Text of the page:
Saturday, October 1, 2011

Conyers: Limited Government Party Turns Out to Be a Party of the Unlimited

Conyers:  Limited Government Party Turns Out to Be a Party of the Unlimited
New Bill Authorizes Prolonged and Indefinite Detention With No Respect for the Rule of Law

(Washington) – Today, at a hearing before the House Judiciary Committee on H.R. 1932, Ranking Member John Conyers, Jr. (D-Mich.) criticized the bill as a massive, unconstitutional expansion of the government’s ability to detain immigrants for many years—even indefinitely—with little or no procedural protections at all.

“It is ironic that this bill comes from the Judiciary Committee leadership that should be protecting the Constitution and from the party that prides itself on limited government and the protection of individual liberty,” Conyers said.  “The Republican Party’s Pledge to America was all about ensuring limited government and fiscal responsibility.  Tea Party Patriots lists ‘Constitutionally Limited Government’ as a core value.  AndTeaParty.Org says its ‘non-negotiable core beliefs’ include: ‘Intrusive Government Stopped’ and ‘Government Must Be Downsized.’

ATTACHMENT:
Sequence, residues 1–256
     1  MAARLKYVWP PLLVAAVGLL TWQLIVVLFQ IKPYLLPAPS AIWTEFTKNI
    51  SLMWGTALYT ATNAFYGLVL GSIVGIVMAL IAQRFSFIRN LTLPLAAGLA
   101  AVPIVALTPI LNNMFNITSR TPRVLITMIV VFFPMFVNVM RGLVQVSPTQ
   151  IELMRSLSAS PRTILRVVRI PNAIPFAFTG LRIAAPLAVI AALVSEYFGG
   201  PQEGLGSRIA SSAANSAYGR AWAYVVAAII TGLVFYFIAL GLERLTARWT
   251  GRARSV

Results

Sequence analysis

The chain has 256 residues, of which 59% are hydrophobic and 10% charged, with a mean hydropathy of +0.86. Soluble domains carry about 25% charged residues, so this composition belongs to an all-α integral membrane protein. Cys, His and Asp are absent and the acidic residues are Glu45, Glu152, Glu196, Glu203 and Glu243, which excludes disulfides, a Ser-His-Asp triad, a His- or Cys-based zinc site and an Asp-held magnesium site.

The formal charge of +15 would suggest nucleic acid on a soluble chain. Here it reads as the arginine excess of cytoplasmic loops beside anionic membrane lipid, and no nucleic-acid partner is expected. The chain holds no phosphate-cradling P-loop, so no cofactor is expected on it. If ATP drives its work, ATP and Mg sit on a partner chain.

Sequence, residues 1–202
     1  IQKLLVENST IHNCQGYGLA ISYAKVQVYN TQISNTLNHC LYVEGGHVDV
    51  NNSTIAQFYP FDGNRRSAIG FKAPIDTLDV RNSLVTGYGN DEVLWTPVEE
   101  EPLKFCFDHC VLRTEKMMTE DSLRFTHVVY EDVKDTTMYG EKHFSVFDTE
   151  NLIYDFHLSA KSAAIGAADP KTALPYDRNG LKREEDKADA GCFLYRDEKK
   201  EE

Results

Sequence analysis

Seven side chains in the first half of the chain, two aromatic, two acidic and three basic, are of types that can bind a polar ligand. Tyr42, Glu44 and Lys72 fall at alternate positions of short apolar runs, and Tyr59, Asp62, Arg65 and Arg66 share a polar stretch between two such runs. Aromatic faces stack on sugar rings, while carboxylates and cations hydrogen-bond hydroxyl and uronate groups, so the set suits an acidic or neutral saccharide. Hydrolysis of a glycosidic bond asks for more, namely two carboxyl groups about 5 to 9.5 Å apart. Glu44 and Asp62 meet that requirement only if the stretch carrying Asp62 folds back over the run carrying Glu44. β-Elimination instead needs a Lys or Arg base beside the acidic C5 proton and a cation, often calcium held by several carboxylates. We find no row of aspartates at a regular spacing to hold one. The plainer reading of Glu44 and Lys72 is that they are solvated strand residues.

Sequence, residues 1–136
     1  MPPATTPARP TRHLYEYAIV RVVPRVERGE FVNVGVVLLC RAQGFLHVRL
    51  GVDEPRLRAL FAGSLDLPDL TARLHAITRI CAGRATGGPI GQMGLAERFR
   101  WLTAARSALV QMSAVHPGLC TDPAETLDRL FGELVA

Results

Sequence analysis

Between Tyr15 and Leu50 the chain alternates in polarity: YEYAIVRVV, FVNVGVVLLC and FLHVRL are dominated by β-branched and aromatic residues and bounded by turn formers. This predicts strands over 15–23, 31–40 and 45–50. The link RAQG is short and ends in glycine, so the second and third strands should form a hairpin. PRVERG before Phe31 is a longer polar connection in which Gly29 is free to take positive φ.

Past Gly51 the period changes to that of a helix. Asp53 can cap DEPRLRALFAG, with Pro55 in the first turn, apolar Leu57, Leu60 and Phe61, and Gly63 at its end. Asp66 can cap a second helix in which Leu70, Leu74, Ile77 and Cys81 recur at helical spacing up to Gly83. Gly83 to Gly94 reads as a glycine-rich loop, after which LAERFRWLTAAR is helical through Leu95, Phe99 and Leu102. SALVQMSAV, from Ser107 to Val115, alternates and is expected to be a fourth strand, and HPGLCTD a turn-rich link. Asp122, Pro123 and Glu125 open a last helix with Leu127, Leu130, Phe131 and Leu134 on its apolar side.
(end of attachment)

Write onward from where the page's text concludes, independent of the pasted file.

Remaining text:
“Under this bill, thousands of immigration detainees would become subject to mandatory detention—with no opportunity for a bond hearing—even if they pose no risk to the public and no risk of flight. 

“Ten years after the Supreme Court cautioned that the Constitution would permit extended detention of immigration detainees only in very narrow circumstances accompanied by strong procedural protections, H.R. 1932 allows immigration detainees to be held indefinitely simply by the stroke of the pen of the Secretary of Homeland Security or the Director of Immigration and Customs Enforcement.

“The writ of habeas corpus is a fundamental guarantee of the Constitution.  If H.R. 1932 becomes law, all habeas corpus petitions challenging the legality of mandatory, prolonged, and indefinite immigration detention would have to be filed in the District Court of the District of Columbia.  The only possible explanation for doing that would be to make it harder for a person who may not speak English, almost always has no lawyer, and is being detained in Arizona or Texas to get into court.

“We need to make sure that our detention and removal system works, so that we are holding the right people, under the right conditions, and for the right reasons.  And that we remove people from this country when they have gone through the process and received a final decision in their case.  But this bill will not advance any of those goals.  Instead, it will just increase our already enormous and expensive detention system and will remove or limit the few meaningful checks that still exist.”

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